Results tagged ‘ Scott Eyre ’
But they really needed to beat the Brewers at Miller Park. Like I wrote earlier today, it would be to their benefit to get hot before the postseason.
“I would say as bad as we played, we played .500 (on the 10-game road trip) didn’t we?” Charlie Manuel said. “As bad as we played … is that accepted? It will have to be, I guess.”
The Phillies will not say the NL East is won, but they need to win just three more games to clinch. Even if they finish 2-5, the Braves would need to go 7-0 to force a one-game playoff, which would be played at Turner Field. A five-game lead with seven to play is almost insurmountable.
Consider the following in two of the greatest collapses in baseball history:
- The Phillies trailed the New York Mets by just 1 ½ games with seven games to play in 2007. They finished 4-3 and the Mets finished 2-6 as the Phillies won their first National League East championship since 1993.
- The St. Louis Cardinals trailed the Phillies by 1 ½ games with seven games to play in 1964. They finished 5-2 while the Phillies finished 2-4 as the Phillies blew a 6 ½ game lead with 12 games to play.
Ryan Madson is 5-5 with a 3.27 ERA and nine saves in 15 opportunities. Because Brad Lidge is 0-8 with a 7.51 ERA and a Major League-leading 11 saves and because Madson looked very good today, I would expect him to continue to close.
“Lidge will get back to where he was. I’m a firm believer in that,” Manuel said. “I don’t want to shoot Lidge. I think he’ll be back to where he was at really. Seriously. But I think right now just from a mental aspect and everything – physical and mental – he needs a little break.”
Scott Eyre just wants the opportunity to pitch.
It was rookie hazing day Sunday. John Mayberry Jr. and Sergio Escalona wore lady pilot costumes, while J.A. Happ wore a Superwoman contume. No, I don’t have any pictures. I think they would have wrestled me to the ground and stomped on my cell phone had I taken one.
We’ve got doubleheader baseball today at Land Shark Stadium. We’ve also got Phillies injury updates:
- Pedro Martinez. He left Saturday’s start in Atlanta after three innings after he strained a muscle on the right side of his neck while swinging the bat. Martinez said he felt a little better after visiting a chiropractor in Miami, but to give him extra time to recover the Phillies pushed back his start from Friday to Saturday in Milwaukee. Cliff Lee will pitch Friday instead. Ruben Amaro Jr. said Martinez threw today and felt pretty good, but the Phillies will know more after tomorrow’s bullpen session.
- Brett Myers. He had a MRI on his right shoulder today in Philadelphia. He has a Grade 1 strain of his right latissimus dorsi. He will throw a bullpen next Tuesday, and the Phillies said they hope he will be able to pitch again before the end of the regular season.
- Scott Eyre. He has not pitched since Sept. 7 because of a “loose body” in his left elbow. He threw a bullpen session before Game 1 of today’s doubleheader against the Marlins, and pitching coach Rich Dubee pronounced Eyre ready for action.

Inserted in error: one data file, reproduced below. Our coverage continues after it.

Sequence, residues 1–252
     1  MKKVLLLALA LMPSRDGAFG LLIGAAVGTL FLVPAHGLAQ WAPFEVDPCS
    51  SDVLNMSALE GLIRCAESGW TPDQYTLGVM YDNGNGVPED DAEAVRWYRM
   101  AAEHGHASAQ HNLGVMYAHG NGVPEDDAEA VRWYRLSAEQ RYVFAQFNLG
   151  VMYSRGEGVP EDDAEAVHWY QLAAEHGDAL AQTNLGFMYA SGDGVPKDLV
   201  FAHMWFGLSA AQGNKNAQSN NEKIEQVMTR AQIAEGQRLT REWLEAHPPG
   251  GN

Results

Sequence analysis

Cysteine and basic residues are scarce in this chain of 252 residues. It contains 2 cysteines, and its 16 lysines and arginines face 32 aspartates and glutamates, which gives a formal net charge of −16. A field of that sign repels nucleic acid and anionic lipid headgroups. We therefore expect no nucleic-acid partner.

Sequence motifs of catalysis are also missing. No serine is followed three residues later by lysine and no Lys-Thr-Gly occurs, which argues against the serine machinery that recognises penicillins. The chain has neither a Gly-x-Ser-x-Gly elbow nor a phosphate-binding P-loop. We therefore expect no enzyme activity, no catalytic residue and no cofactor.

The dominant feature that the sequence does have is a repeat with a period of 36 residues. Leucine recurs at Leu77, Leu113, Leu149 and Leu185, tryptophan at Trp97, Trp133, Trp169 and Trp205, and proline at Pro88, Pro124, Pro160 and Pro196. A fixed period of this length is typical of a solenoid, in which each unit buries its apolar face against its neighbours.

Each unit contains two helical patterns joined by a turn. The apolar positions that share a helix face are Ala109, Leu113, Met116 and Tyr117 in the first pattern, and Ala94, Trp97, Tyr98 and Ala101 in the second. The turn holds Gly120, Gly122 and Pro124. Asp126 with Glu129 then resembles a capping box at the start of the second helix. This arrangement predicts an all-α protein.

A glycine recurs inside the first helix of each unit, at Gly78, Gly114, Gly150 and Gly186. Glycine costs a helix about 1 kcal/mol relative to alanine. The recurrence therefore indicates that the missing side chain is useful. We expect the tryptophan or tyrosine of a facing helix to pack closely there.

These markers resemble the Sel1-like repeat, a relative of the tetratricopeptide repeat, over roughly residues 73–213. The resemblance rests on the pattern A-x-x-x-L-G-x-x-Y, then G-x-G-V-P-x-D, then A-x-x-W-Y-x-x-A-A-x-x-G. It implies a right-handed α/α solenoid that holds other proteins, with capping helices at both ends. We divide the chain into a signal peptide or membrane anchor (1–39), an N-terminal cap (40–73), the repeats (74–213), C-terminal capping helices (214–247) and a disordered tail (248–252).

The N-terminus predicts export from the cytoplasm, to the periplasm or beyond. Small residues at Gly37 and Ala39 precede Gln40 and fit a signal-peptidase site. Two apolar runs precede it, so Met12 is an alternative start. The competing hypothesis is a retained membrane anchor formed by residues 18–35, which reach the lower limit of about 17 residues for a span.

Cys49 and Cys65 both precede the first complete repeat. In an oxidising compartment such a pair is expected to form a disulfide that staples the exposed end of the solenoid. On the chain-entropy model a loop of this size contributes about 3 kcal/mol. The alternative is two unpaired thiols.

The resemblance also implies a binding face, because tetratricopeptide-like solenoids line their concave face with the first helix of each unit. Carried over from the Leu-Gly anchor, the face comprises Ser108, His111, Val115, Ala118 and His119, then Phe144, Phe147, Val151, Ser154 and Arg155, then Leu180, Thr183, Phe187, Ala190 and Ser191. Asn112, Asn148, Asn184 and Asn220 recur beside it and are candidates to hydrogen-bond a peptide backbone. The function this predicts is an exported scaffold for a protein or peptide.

- J.A. Happ. He is fine and will start Thursday in Milwaukee as scheduled. He left Friday’s game in Atlanta after three innings after manager Charlie Manuel thought he favored the rib cage muscle that caused him to miss his previous two starts.
- Chan Ho Park. He continues to progress from a strained right hamstring. There is no schedule for when he might pitch again, but Amaro said it is possible Park could begin pitching as early as next week.
- J.C. Romero. He threw 50 pitches in a bullpen session yesterday in Clearwater, Fla. He is expected to pitch Thursday in the Instructional League.
- Jack Taschner. He has a strained back and continues to progress in Clearwater, Amaro said.
- Carlos Ruiz. He said his sprained left wrist feels better and will play in Game 2.
- Greg Dobbs. Miguel Cairo started at third base in Game 1 because Manuel said Dobbs’ right calif isn’t completely healthy. Dobbs said it won’t be 100 percent the remainder of the season, but it doesn’t affect him at the plate.
UPDATE ON MYERS (8:08 p.m.) READ ABOVE.
It’s about 30 minutes before first pitch in Game 1 and I’m guess there aren’t more than 200 fans in the stands.
The Phillies certainly could have used Brett Myers this weekend at Turner Field.
But Myers never pitched, despite the fact the bullpen pitched 16 innings in the three-game series. In fact, Myers has not pitched since Sept. 12 against the Mets at Citizens Bank Park. Myers said Friday he had not thrown because Phillies starters had been going deep into games. But that no longer held true after J.A. Happ pitched three innings Friday, Pedro Martinez pitched three innings last night and Cliff Lee pitched four innings this afternoon.
Phillies general manger Ruben Amaro Jr. said following today’s 4-2 victory over the Braves that Myers has had soreness in the back of his right shoulder for more than a week. Myers will fly to Philadelphia on Tuesday to see team physician Michael Ciccotti to “see if there’s anything very serious about it.”
Myers, reached by telephone, said, “I don’t think it’s real serious. I have some stiffness and tightness and they want me to go get it checked out.”
The Phillies have just 14 games to play before the postseason, and with left-handers Scott Eyre (loose body in his left elbow), J.C. Romero (strained left forearm) and Jack Taschner (strained back) and right-hander Chan Ho Park (strained right hamstring) sidelined with injuries, this comes at a bad time. But Myers, who missed more than two months in 2007 with a strained right shoulder, sounded optimistic he would be pitching before the end of the regular season. He said he has thrown each of the previous four days and has felt better each time.
“I should be back,” he said.
OK, let’s run through a few things from last night’s 9-4 victory over the Braves:
- Ryan Howard went 2-for-4 with two home runs and three RBIs. He has six multi-homer games this season, and three of the last five have come against the Braves. After Howard hit .233 (10-for-43) with five doubles, one home run and four RBIs in his first 11 games against the Braves this season, he has hit .647 (11-for-17) with one double, six home runs and 10 RBIs in his last five.